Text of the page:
Most interesting is the fact that the Viper pilots had a tough time definitively describing the object.
“I wouldn’t really call it a balloon … I don’t know what … I can see it outside with my eyes,” one of the pilots says. “Looks like something … there’s some kind of object that’s distended… it’s hard to tell, it’s pretty small.”
“I’m gonna call it a balloon,” one of the pilots later adds.
Part of the reason the pilots have such difficulty in getting a better understanding of what it might be is simply that it was so small — and moving at a very slow speed relative to their jets.
“The size of it, that would be challenging, it’s so slow and so small, I just can’t see it,” one of the pilots says. “Definitely smaller than a car,” is the judgment of one of the pilots. At one point, one Viper pilot seems to say it was about the size of a “four-wheeler,” likely referring to a recreational all-terrain vehicle. There is also an indication that the pilots were worried about a possible collision with the mystery craft as it could only be seen at very close range.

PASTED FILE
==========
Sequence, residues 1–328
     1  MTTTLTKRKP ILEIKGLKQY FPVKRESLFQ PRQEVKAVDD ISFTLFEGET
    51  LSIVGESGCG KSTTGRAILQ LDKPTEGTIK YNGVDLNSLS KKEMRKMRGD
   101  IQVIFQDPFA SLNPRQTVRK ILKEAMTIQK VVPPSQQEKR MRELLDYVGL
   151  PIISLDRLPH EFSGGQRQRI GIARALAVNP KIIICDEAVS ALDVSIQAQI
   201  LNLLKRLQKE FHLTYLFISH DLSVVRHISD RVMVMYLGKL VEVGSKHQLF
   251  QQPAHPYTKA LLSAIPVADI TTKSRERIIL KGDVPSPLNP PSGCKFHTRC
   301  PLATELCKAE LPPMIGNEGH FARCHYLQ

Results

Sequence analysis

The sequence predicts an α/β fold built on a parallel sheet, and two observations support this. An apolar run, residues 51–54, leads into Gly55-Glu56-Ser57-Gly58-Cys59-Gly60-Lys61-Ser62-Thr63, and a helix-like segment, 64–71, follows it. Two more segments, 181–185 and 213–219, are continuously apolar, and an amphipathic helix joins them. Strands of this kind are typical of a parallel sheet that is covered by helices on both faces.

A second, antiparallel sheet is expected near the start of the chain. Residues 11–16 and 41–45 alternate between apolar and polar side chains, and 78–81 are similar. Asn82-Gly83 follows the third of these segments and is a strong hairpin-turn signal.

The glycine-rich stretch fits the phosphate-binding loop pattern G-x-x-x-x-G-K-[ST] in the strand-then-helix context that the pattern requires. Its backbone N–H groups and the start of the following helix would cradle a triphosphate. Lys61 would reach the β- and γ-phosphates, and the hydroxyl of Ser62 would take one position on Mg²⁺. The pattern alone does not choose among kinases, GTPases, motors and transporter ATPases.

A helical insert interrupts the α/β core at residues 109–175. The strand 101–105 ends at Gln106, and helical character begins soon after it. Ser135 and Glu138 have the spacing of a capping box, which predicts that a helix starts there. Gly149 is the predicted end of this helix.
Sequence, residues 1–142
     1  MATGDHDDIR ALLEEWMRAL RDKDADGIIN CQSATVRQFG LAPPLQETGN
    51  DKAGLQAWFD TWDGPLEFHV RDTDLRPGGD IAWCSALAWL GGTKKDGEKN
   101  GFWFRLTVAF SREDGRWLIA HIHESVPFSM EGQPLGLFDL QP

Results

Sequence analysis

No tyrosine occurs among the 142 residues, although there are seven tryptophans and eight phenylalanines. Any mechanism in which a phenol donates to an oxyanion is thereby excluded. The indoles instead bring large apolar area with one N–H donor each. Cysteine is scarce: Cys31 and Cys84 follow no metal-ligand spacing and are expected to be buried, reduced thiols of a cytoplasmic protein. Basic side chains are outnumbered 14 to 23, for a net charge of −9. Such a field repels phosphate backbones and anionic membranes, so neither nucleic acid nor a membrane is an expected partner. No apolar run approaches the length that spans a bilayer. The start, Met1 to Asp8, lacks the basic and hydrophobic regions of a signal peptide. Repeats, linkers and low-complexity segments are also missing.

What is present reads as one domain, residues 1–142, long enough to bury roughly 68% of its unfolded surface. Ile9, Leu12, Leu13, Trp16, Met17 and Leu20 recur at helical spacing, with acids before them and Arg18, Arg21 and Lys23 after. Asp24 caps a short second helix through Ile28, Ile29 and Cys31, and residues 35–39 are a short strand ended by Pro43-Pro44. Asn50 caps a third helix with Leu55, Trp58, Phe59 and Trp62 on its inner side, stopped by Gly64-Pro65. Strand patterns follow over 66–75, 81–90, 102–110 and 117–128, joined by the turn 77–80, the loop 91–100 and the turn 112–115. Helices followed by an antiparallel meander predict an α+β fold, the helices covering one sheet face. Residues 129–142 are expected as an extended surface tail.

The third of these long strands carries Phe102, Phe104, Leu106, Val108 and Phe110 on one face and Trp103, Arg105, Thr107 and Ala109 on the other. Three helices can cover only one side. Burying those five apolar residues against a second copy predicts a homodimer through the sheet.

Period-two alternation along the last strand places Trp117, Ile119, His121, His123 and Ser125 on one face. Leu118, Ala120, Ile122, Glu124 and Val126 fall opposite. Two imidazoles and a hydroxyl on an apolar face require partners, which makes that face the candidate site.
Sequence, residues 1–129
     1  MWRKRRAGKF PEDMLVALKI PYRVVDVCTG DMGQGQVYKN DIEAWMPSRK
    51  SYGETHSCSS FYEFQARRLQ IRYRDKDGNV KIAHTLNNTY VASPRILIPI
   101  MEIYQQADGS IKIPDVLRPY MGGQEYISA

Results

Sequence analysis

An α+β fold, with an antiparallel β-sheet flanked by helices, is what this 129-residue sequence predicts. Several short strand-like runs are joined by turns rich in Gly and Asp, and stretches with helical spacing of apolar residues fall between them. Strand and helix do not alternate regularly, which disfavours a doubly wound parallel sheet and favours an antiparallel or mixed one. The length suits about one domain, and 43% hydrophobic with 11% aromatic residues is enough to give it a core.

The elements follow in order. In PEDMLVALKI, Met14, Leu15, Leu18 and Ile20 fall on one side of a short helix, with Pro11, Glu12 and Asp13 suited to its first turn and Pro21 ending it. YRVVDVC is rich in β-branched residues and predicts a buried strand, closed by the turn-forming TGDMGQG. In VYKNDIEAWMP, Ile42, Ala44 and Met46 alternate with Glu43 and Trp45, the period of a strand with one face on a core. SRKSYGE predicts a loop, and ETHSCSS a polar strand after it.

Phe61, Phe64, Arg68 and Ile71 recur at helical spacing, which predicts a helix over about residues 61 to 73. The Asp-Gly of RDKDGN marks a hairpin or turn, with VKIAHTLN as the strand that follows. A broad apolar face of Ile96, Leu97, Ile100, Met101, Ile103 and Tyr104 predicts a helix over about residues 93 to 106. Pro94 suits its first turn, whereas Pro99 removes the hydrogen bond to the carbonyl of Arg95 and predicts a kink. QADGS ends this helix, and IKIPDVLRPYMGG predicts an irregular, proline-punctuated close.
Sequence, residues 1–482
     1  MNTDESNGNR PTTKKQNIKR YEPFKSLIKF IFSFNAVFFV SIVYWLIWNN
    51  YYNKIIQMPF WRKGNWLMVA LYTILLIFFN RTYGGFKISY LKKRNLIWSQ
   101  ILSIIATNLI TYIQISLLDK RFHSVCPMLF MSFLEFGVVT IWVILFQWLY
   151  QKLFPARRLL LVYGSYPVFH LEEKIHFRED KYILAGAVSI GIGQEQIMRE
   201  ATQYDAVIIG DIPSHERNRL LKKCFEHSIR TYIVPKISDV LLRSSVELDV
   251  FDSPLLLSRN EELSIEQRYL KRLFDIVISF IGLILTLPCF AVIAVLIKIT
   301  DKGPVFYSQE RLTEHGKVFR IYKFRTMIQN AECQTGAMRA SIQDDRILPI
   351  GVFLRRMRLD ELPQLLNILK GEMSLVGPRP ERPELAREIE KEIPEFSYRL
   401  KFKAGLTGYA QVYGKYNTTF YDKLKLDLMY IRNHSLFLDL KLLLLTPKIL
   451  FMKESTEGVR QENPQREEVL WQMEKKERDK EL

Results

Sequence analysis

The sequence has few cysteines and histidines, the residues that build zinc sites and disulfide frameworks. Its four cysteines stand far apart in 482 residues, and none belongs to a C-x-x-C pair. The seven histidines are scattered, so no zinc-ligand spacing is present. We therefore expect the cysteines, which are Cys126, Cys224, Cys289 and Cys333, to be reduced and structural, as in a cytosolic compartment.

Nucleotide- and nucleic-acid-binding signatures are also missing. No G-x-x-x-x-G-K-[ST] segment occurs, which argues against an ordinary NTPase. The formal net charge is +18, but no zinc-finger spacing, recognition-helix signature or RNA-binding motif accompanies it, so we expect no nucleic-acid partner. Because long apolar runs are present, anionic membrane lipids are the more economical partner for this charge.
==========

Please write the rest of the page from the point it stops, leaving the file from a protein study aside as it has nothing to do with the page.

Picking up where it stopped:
There are, however, repeated mentions of strings, or something that looks like strings, hanging from below the object.
“In the targeting pod, I can’t tell if it’s metallic or what, but I can see like lines coming down below it, but I can’t see anything below it,” one pilot says.
“You can definitely see strings below but don’t see anything hanging below.” This paints a picture of something balloon-like, at least in the sense that there is a larger structure, with strings hanging down from which you might expect to see some sort of payload attached.